Populus tremuloides (pop’-u-lus trem-u-loy’-dez)
Family: Salicaceae, Willow
- 1b – Alternate leaf arrangement — go to 18
Leaf: Round, with an abrupt point at tip. Roundish teeth (20-40 pairs of fine teeth). Shiny green above, pale dull green beneath. Flat petiole, set at right angle to the blade.
Bud: Lowermost bud scales is centered directly over the leaf scar of the lateral buds. 6-7 bud scales. Buds are chestnut brown, shiny, gummy, pressed close to the stem. Not as large as cottonwood buds. Buds are clustered near the end of the branch.
Leaf Scar: Wide. U-shaped. Three bundle scars. Stipule scars not as noticeable as the ones of cottonwoods.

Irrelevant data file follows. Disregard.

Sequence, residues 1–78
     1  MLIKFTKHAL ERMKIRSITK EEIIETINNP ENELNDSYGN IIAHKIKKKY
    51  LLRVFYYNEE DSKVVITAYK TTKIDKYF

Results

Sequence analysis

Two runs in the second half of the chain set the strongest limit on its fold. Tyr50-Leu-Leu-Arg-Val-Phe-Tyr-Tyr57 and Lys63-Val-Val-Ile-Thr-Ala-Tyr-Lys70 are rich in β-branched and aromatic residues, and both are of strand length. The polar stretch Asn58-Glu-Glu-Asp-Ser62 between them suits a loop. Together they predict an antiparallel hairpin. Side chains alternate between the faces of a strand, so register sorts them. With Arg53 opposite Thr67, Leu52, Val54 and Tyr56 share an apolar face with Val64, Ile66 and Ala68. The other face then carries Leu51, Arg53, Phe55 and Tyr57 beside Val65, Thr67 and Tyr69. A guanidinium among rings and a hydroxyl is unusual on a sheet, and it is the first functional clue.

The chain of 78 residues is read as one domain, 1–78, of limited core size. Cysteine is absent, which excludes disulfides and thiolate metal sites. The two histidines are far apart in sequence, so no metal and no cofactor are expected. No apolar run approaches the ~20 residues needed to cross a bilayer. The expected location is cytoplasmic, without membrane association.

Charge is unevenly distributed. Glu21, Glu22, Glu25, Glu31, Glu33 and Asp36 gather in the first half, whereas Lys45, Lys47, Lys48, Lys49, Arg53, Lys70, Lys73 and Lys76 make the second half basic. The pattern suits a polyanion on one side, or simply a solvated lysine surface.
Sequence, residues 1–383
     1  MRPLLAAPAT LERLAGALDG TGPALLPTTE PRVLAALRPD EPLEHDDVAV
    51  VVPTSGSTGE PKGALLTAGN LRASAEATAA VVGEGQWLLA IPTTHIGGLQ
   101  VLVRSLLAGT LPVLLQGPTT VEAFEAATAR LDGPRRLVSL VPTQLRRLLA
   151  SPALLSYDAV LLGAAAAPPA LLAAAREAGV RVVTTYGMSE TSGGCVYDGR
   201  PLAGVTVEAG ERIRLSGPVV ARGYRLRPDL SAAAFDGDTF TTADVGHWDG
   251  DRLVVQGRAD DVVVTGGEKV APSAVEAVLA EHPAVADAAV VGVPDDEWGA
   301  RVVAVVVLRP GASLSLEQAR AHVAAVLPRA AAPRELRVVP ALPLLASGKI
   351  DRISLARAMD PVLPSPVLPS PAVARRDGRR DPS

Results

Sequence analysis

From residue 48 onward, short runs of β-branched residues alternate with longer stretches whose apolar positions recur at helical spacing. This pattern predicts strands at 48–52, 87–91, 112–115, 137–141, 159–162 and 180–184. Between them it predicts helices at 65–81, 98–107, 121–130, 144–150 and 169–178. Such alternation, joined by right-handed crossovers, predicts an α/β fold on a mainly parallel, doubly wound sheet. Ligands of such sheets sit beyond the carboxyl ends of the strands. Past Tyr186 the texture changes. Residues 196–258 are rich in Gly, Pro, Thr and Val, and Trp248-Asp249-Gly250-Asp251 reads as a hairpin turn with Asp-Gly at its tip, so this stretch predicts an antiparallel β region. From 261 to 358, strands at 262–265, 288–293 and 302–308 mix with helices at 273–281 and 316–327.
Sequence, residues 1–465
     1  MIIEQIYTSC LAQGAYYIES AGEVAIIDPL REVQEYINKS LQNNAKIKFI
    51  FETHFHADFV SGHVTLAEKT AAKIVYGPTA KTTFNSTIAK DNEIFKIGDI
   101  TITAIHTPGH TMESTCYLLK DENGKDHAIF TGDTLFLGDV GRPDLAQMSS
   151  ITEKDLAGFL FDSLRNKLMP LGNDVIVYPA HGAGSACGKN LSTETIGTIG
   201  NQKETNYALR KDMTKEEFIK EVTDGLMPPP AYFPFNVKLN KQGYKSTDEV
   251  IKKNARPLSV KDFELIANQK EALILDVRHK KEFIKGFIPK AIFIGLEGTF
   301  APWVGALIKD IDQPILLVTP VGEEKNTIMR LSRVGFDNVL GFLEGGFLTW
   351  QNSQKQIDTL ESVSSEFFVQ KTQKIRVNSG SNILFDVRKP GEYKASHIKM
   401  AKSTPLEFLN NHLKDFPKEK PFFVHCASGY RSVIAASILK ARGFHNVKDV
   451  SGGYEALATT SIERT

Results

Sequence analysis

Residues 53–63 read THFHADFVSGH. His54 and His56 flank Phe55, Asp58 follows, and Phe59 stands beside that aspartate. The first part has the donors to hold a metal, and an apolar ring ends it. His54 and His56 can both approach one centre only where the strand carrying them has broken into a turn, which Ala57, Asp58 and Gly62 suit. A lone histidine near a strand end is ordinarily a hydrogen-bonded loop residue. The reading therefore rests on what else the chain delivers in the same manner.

Stem: Grayish-green when young. White may rub off on your hand like chalk. Smooth.
Bark: Greenish-white, smooth. Large black knots where branches fell off.
Pith: Brown, solid.
Flower: On separate male or female trees. Male tassels have red stamens.
Fruit: Catkins. Seeds are tufted like cotton.
Habit: Small ornamental. Suckers profusely. 15-30 feet tall. Colorado native to foothills and montane zones.
Culture: Prefers moist conditions (but not tolerant of high irrigation) and elevations above 6,000 feet. Performs poorly in irrigated landscapes of the high plains.